There is also an increasing view that annual income is not theoretically appropriate as a tax base, partly reflecting “optimal tax” methodologies developed over the past 40 years. On this view the expenditure tax is favoured as it does not double tax savings and drive a wedge between the economic returns to investments and the yield to investors.
The problem with the “optimal tax” view is that its practical effect, if implemented, would be to worsen the dispersal of incomes and to increase disparities in wealth and living standards.
Removing taxes on capital incomes is likely to foster a widening gap between rich and poor, despite the economist’s prediction that it would foster capital accumulation, and this would enhance wages. However reducing some capital taxes while increasing others can provide options to “level the playing field” which make sense irrespective of decisions about what the aggregate weight of capital income taxation should be.
As French economist Thomas Piketty has argued, there needs to be some check on the tendency for wealth concentrations to grow dynastically. Some taxation of capital income or its equivalent, annual wealth taxation, can provide such a check. Ultimately some taxation of capital incomes is necessary and appropriate for achievement of a “just” society.
It may be that the degree of taxation of such income should not be dictated by the norms of the comprehensive income tax. But it is clear that we should not allow the personal tax system to move gradually into a simple wage tax. Nor is a cash-flow expenditure tax ideal, as it also exempts most capital income.
A cousin of the expenditure tax is the rate of return allowance (RRA) favoured by the UK’s Mirrlees tax review committee. This approach exempts the risk-free part of capital return (approximated by the bond rate) from tax. The tax base is then economic “rent”, being the return to capital in excess of the risk-free rate. I estimate that this might tax around 2/3 of the total return to capital.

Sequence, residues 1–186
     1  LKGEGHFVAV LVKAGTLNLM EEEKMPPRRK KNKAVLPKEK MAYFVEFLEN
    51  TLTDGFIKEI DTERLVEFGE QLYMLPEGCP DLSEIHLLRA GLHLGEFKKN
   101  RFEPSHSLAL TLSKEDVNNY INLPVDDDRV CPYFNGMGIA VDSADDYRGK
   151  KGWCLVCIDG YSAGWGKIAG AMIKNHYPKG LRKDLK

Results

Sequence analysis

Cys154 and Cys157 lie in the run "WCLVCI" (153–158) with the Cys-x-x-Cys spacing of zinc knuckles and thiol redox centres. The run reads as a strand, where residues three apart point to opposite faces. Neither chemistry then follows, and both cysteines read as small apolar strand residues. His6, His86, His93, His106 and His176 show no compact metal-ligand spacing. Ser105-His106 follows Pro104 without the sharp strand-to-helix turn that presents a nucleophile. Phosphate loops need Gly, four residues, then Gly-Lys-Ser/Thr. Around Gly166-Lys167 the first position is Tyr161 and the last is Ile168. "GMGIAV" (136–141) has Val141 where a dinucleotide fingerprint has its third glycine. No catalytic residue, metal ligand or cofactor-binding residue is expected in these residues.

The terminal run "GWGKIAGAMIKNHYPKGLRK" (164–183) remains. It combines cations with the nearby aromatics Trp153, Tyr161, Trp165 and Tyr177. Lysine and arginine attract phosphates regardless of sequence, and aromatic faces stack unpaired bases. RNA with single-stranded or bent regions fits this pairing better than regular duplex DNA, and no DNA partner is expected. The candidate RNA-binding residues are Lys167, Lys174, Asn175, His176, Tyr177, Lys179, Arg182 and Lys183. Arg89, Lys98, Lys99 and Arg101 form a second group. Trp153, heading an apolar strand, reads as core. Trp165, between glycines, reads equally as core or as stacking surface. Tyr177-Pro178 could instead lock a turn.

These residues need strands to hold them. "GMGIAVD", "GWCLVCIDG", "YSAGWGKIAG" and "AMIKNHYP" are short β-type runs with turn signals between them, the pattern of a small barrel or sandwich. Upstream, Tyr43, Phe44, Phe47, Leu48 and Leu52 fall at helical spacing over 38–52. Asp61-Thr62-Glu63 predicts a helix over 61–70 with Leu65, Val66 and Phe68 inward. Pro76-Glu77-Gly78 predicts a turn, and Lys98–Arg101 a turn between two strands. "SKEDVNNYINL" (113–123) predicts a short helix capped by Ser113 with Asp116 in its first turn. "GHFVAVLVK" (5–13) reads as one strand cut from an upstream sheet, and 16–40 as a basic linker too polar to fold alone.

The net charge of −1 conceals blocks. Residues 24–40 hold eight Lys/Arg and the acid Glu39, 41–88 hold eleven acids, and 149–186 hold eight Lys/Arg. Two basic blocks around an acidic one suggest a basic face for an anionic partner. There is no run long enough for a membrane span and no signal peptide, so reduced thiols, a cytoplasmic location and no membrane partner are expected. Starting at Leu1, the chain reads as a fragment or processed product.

A strong case can be made for at least taxing economic rent. While the RRA does this, it is administratively cumbersome. A similar approach (which I call the Z-tax) could be applied to all assets including housing and superannuation accumulations.
Though politically difficult, it would dramatically enhance the economic efficiency of the tax system and make measures such as GST increases less compelling from an economic perspective. Like the RRA it could – if comprehensive – raise an additional A$60 billion per annum, making it an important option for tax reform.
Reducing the tax burden on capital income might seem a great idea in theory but its practical consequence is to make for a more unequal society. Moreover, this inequality can persist across generations. Capital taxes should be made more even, however. If the political difficulties can be overcome, there is significant revenue potential.
The full paper is available on the website of the Tax and Transfer Policy Institute, ANU.